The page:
後の祭り (あとのまつり, ato.no.matsuri) is an idiomatic expression that literally means ‘post-festival’. Figuratively, it indicates that it is no use regretting the past; you can’t enjoy food stalls and live music anymore after a festival is over*. For instance, if you regret not studying hard after the exam is over, that’s 後の祭り. It is also used to describe when an action or event is too late. For instance, it is 後の祭り even if you say to your partner a million times, ‘Sincerely I love you.’ after you ‘accidentally’ called him/her by the name of your ex.
* In fact, there are a few other theories in its etymology. One of them claims that 後の祭りwould refer to the second-half period of Kyoto Gion Matsuri, one of the largest festivals in Japan that lasts for about one month. The festival is usually more boisterous during the first-half period than during the latter, and the idiom may refer to the idea that it’s no use or too late to attend the festival after the main part is over.
Similar Phrases in English
In English, idiomatic expressions similar to 後の祭り include, ‘the ship has sailed’, ‘shut the stable door after the horse has bolted’ and ‘cry over spilt milk’. The closest English phrases are ‘(something is) too late’ or ‘no use regretting something in the past’.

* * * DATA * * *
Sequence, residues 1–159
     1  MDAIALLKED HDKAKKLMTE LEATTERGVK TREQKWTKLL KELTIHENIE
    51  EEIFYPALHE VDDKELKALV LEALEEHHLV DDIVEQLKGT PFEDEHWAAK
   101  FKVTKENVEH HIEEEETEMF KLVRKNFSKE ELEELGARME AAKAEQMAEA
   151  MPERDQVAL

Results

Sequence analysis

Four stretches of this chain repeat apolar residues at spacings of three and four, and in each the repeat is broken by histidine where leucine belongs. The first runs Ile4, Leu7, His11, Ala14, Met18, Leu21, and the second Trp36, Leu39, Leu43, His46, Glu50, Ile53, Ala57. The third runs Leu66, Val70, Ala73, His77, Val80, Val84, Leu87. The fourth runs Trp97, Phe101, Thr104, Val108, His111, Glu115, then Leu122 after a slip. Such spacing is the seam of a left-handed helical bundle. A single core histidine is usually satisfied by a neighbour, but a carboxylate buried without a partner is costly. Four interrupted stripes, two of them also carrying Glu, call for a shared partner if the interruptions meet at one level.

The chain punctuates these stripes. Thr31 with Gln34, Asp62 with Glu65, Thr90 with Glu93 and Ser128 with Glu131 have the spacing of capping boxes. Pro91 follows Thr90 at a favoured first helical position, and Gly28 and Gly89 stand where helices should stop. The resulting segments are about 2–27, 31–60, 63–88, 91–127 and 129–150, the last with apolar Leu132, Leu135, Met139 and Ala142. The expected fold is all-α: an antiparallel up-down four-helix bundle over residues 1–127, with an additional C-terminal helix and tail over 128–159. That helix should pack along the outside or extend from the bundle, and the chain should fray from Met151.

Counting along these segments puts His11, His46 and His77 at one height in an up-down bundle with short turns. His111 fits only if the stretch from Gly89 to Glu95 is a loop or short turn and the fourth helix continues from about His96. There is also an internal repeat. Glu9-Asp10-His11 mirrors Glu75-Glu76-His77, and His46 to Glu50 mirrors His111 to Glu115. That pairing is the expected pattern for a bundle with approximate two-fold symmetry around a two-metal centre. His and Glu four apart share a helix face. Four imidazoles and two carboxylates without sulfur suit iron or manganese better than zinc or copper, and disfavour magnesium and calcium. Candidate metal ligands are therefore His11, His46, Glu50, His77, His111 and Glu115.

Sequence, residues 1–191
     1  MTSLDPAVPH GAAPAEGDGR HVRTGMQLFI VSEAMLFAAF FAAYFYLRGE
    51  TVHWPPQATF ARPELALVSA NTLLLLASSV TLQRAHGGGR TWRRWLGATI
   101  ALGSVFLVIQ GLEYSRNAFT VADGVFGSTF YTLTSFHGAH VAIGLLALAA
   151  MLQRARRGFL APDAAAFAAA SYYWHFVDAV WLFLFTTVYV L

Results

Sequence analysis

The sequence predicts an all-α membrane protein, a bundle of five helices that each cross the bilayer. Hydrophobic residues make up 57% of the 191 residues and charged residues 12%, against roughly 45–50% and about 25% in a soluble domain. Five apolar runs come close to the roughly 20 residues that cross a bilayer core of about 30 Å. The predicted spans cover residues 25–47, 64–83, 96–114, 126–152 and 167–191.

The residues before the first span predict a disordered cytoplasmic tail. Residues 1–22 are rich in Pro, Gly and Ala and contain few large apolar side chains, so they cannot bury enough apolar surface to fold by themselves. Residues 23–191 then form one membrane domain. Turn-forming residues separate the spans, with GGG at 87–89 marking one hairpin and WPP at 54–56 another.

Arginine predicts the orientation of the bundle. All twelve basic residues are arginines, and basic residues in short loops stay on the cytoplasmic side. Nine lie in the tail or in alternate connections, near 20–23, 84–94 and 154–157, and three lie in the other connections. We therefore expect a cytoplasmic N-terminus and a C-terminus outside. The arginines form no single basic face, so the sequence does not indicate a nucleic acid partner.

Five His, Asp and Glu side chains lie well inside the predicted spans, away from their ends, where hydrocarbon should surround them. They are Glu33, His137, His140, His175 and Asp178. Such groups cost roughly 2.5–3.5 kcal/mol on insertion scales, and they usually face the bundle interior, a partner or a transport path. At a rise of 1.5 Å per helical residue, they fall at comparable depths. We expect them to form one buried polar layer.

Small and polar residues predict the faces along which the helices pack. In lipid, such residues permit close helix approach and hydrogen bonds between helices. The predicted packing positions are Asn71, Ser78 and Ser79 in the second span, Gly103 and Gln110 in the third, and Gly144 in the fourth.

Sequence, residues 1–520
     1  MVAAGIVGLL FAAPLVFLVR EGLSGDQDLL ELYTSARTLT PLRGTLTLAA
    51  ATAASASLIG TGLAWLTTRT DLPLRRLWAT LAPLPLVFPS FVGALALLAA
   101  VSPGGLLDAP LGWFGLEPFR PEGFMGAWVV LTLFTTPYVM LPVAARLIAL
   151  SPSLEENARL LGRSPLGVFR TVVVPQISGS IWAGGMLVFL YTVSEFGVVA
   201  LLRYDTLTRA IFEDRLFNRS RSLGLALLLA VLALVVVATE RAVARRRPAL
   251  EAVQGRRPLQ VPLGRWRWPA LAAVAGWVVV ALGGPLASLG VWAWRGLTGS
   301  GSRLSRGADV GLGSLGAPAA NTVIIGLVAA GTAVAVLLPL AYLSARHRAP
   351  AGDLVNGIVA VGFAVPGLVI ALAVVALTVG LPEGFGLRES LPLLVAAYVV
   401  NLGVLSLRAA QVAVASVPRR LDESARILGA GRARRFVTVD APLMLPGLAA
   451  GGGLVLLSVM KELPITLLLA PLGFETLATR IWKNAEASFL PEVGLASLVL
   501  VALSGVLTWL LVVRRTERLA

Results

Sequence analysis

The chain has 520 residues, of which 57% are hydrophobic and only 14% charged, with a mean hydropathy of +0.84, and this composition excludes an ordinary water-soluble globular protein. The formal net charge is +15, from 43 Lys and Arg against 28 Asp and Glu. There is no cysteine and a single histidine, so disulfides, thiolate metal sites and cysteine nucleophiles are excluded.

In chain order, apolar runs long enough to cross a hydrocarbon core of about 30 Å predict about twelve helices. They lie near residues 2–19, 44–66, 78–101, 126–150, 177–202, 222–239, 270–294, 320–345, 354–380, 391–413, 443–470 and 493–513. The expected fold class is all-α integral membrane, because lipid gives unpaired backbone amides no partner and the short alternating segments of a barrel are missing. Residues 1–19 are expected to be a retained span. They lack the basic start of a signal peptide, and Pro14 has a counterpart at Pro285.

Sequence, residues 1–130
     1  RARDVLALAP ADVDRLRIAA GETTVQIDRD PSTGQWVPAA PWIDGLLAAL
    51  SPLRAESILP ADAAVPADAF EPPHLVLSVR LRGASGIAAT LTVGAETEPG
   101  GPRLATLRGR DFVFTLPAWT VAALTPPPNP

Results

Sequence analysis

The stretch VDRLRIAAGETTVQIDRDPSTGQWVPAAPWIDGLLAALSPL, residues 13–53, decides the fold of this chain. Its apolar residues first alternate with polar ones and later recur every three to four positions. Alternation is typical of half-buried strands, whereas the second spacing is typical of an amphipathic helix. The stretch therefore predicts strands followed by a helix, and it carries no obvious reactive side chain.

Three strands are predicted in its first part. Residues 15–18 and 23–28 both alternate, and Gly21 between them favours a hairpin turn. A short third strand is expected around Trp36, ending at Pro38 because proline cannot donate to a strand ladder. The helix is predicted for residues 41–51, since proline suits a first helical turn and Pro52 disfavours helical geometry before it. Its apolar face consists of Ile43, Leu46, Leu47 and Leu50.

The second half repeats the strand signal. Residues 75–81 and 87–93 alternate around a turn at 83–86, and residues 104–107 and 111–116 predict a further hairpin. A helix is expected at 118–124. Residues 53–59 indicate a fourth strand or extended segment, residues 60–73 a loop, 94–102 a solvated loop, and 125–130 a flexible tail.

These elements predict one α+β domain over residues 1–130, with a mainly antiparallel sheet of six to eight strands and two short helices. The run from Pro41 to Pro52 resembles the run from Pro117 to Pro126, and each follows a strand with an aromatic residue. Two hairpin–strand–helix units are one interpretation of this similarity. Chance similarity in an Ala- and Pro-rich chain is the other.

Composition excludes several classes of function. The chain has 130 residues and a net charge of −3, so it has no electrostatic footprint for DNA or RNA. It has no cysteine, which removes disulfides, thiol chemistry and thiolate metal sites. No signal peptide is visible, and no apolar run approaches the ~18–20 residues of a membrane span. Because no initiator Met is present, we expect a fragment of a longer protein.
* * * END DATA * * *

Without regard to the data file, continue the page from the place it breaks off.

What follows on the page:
Even if you say you should’ve confessed your feelings at that time, that’s ‘post-festival’ (it is no use regretting about it).
cf. the post about 告白する or 告る (Kokuru): Japanese Slang ‘Confess Your Feelings to Your Crush’
Even if you’ve just noticed he was interested in you, that’s ‘post-festival’ (too late), because he has a girlfriend now.
Synonyms 手遅れ (ておくれ), 後悔先に立たず (こうかいさきにたたず)、覆水盆に返らず (ふくすいぼんにかえらず)
Synonyms in English: too late, no use regretting the past
Related Word: 後 (あと) post, 祭(まつ)り festival
Ever since I started studying Japanese, I’ve wondered why it isn’t 「祭りの後」 instead of 「後の祭り」
Yea, actually if you associate this idiom with the post-festival atmosphere, “祭りの後” would sound more appropriate than 後の祭り. On the other hand, 後の祭り can make more sense if you look at the other theory of its etymology described in the post: “後の祭り would refer to the second-half period of Kyoto Gion Matsuri”. Here, the first-half period is referred to as 前の祭り and the second-half as 後の祭り. As none of the theories has been validated, I used the first theory to explain this idiom for simplicity.